Iraq says 'deal reached' with Turkey over troops withdrawal
A deal has been reached between Baghdad and Ankara over the withdrawal of Turkish troops from a northern Iraqi town near Mosul, Iraq's Prime Minister Haider al-Abadi said on Saturday.
The agreement came after Abadi met with his Turkish counterpart Binyali Yildirim in Baghdad to discuss Turkish troops presence in the town of Bashiqa.
They have been stationed there since before the Mosul offensive began last year, much to the ire of Baghdad and sparking angry protests in the capital.
Iraqi state TV reported that Turkey has pledged to "respect the sovereignty of Iraq", and that both countries agreed not to interfere in each other's domestic matters.
Yildirim arrived in Baghdad on Saturday for a two-day visit in which the premier hoped to patch up fraught relations with Turkey's southern neighbour.
It's the first such visit since the two governments quarrelled over the presence of unauthorised Turkish troops in northern Iraq, straining relations between the two neighbours fighting the Islamic State group.
On his Twitter account, the Turkish Ambassador to Baghdad, Faruk Kaymakci, said that "We hope that his visit will open a new chapter in Turkey-Iraq relations."
The presence of some 500 Turkish troops in the Bashiqa region, north-east of the IS-held city of Mosul, has stirred tension with Baghdad since late last year.
Iraq has demanded their withdrawal, saying they are there without permission and are in "blatant violation" of Iraqi sovereignty.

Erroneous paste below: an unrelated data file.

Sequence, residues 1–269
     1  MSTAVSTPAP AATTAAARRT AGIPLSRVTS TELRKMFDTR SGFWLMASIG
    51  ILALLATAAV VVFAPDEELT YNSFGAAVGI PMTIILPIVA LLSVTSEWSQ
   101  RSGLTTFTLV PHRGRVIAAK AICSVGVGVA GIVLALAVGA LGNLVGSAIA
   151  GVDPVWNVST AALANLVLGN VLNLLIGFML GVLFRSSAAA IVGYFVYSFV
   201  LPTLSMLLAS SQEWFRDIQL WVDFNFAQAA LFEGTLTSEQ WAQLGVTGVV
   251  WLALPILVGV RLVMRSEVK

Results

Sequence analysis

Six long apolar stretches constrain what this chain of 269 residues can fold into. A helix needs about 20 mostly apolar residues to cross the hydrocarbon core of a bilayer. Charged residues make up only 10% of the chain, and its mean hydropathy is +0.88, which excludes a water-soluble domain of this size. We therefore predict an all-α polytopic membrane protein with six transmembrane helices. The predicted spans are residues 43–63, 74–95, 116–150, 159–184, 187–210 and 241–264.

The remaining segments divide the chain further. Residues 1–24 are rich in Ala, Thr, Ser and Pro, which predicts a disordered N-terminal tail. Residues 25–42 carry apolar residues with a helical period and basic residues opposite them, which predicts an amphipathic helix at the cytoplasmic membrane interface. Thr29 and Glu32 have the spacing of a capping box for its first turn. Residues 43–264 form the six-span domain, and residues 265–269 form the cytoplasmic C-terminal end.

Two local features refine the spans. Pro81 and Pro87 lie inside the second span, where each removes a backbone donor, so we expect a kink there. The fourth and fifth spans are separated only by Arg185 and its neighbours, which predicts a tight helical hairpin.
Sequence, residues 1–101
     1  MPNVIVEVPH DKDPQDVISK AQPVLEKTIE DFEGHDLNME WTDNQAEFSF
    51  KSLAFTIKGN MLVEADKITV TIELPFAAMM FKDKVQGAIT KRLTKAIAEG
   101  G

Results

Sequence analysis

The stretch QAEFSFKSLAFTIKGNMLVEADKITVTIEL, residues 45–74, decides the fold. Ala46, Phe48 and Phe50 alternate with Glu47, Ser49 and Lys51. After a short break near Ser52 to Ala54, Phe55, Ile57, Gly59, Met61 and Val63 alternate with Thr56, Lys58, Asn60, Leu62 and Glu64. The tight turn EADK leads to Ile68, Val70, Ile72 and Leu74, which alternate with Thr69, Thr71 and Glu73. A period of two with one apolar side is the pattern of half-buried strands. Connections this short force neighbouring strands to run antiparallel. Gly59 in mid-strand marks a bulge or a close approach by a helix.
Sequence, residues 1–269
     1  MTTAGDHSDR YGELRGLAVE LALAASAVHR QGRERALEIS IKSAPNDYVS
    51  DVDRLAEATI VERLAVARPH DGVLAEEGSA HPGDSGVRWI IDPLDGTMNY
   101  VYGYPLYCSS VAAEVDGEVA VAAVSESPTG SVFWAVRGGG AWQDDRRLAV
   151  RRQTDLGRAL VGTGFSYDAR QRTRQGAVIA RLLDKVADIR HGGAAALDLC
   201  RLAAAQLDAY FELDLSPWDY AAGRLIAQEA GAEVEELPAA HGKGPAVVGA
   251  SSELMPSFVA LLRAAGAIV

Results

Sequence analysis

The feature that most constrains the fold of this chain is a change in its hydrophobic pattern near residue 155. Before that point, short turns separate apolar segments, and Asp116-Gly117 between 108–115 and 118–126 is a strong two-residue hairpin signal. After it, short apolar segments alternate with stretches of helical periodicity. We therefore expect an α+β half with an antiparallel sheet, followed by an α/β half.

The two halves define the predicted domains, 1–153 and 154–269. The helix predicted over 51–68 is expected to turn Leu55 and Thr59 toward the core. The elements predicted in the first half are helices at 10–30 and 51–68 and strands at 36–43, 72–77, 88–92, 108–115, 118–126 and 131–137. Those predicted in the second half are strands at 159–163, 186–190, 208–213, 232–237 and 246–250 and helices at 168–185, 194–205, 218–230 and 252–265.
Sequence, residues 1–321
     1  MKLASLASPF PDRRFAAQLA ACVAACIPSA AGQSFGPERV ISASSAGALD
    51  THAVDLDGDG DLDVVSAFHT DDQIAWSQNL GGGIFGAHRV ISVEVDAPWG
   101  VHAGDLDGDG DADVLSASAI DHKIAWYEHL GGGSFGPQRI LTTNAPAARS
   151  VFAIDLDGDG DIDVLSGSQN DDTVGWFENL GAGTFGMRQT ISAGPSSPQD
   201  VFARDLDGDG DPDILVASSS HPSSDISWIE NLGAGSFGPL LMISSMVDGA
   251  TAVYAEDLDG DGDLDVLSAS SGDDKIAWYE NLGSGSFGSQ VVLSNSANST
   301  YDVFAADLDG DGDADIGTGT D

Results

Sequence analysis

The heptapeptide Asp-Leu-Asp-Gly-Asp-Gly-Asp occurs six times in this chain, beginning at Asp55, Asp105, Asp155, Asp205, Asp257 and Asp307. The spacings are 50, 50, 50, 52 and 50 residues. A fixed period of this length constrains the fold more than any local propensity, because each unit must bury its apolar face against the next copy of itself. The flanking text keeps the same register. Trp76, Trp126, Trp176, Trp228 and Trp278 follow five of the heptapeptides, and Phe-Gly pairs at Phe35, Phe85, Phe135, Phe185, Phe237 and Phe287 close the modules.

Turkey says the troops were invited by local Iraqi authorities and has ignored the calls.
The issue grew into a rare and bitter public feud last year between Turkish President Recep Tayyip Erdogan and Iraqi Prime Minister Haider al-Abadi, as Iraqi government troops launched a massive military operation to recapture Mosul on October 17.
Ankara has insisted that its forces should take part in retaking the city, but Baghdad has refused. Erdogan also threatened to deploy troops to Tal Afar - a Turkman town near Mosul - if Iraqi paramilitaries entered.
At one point, Erdogan gave a patronising speech telling Abadi to "know his place".
"You are not at my level, you are not my equivalent, you are not of the same quality as me," he cried.
Abadi responded by mocking Erdogan's use of a video messaging app during Turkey's failed coup last year.
An Iraqi court later issued an arrest warrant against the former governor of Ninevah province, of which Mosul is the capital, Atheel al-Nujaifi, accusing him of facilitating the entry of the Turkish forces.